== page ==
Or is it "an interpretation that is as dubious in principle as it is senseless in practice"? How does the Pregnancy Discrimination Act work? If a pregnant woman can't do her regular job and asks for a light duty assignment, and many (but not all) other workers get light duty as an accommodation for a disability or on-the-job injury, must the employer also accommodate the pregnant woman? The two word answer: Probably yes.
Young v. United Parcel Service (US Supreme Court 03/25/2015) (6-3).
- Pregnancy Discrimination Act clause #1: Title VII’s prohibition against sex discrimination applies to discrimination “because of or on the basis of pregnancy, childbirth, or related medical conditions.”
- Pregnancy Discrimination Act clause #2: Employers must treat “women affected by pregnancy . . . the same for all employment-related purposes . . . as other persons not so affected but similar in their ability or inability to work.”
Lots of folks have struggled with that second clause. It make a great law school exam question. The US Supreme Court rejected all three potential answers provided by the litigants:
- The woman said she should be accommodated if any other workers are accommodated. The Court said that's too broad, and would apply if only one or two "others" were accommodated.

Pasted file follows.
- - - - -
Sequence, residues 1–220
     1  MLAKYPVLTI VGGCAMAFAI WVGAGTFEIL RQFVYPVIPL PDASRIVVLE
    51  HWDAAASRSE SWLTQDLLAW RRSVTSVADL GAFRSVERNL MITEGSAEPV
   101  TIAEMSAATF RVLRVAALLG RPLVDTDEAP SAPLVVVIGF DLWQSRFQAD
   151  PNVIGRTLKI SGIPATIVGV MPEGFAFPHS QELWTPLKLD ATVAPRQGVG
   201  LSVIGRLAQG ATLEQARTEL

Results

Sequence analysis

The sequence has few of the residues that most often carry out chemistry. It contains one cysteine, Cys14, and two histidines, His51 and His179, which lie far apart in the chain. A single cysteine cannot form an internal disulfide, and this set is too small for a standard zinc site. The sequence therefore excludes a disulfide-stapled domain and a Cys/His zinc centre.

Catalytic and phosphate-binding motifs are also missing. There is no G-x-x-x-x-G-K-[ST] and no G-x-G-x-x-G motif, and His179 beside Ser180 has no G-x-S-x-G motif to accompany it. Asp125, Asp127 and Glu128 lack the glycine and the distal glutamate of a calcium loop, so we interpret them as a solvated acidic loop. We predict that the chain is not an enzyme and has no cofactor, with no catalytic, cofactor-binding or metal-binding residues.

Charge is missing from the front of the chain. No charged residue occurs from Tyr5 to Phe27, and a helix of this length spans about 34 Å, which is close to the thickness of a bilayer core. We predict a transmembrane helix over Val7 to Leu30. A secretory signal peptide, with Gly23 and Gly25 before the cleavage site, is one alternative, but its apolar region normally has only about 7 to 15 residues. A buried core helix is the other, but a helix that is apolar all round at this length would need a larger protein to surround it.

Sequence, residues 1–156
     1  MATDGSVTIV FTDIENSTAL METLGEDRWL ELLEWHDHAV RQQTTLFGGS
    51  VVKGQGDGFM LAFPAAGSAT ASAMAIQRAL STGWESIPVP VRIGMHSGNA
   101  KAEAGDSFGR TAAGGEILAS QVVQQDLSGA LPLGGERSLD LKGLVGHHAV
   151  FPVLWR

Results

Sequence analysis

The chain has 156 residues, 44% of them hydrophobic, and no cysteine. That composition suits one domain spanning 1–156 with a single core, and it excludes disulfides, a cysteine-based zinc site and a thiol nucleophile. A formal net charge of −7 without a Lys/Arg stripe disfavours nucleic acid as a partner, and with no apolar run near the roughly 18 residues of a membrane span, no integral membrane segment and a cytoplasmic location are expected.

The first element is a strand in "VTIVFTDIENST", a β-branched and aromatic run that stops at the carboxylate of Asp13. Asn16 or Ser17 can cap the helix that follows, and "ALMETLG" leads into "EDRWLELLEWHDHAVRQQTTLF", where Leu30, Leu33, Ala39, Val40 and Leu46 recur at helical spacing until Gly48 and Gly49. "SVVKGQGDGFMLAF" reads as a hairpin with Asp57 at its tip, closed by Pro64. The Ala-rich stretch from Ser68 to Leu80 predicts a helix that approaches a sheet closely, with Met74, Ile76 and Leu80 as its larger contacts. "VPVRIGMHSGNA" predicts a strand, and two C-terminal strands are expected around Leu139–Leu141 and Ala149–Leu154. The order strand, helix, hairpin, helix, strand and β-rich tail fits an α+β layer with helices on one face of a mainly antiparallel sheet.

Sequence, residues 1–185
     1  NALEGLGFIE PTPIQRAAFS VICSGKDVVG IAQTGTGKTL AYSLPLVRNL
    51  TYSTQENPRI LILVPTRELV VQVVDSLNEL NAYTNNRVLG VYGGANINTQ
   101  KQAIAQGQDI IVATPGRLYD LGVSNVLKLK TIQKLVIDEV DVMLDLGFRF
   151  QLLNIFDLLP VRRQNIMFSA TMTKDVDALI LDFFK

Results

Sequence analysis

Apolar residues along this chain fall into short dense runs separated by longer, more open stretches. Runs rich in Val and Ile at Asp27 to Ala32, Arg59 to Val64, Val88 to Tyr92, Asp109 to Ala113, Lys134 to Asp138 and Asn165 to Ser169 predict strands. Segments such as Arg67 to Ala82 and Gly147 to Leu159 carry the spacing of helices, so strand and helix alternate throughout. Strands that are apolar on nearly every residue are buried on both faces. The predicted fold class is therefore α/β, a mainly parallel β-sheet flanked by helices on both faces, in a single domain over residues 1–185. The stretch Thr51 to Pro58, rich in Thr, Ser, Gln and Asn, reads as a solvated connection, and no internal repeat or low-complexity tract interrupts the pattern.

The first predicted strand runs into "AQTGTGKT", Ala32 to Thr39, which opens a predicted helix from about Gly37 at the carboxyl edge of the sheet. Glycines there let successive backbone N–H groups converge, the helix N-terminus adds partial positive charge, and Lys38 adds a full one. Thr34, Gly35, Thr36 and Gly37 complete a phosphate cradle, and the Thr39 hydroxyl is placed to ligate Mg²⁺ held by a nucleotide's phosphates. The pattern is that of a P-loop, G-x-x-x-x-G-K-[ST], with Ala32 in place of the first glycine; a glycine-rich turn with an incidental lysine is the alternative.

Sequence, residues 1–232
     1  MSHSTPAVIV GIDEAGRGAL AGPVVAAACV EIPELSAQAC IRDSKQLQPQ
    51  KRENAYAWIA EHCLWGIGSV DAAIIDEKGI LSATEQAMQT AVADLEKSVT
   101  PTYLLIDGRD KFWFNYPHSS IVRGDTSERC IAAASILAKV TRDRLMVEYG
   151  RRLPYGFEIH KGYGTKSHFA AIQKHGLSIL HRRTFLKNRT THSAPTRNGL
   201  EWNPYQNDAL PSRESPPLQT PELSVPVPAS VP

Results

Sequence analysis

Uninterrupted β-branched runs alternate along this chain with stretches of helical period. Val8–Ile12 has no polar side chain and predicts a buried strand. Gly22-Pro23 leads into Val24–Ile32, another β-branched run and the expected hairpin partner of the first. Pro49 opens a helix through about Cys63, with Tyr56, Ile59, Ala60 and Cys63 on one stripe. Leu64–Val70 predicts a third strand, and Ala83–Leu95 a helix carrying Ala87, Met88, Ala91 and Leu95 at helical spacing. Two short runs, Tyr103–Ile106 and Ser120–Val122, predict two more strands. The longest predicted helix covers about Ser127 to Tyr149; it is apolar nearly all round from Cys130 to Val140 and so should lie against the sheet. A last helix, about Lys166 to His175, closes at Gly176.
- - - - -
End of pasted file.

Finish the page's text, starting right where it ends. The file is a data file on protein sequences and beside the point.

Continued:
- The employer said the second clause simply defines sex discrimination to include pregnancy discrimination. The Court said that can't be so, because the first clause already does that.
- The Government was pushing a recently-adopted EEOC interpretation, which the Court rejected because it was an unexplained deviation from prior interpretations.
So, how does the PDA work?
Well, the Court came up with a modification of the well-known McDonnell Douglas framework: Plaintiff's prima facie case, employer's “legitimate, nondiscriminatory” reasons, plaintiff's showing that the employer’s proffered reasons are in fact pretextual. Way too long for a blog post. In the end, the Court sent the case back, saying that there is a genuine dispute as to whether the employer provided more favorable treatment to at least some employees whose situation cannot reasonably be distinguished from Young’s.
Three dissenting Justices ripped the majority decision, saying it displayed "Inventiveness posing as scholarship—which gives us an interpretation that is as dubious in principle as it is senseless in practice."
My view: A long overdue recognition that the PDA usually requires employers to accommodate pregnant women on the same basis that they accommodate other employees. Pregnancy has a cause that is different from an ADA disability or an on-the-job injury, yet the impact on the individual is essentially the same. The PDA was designed to recognize this.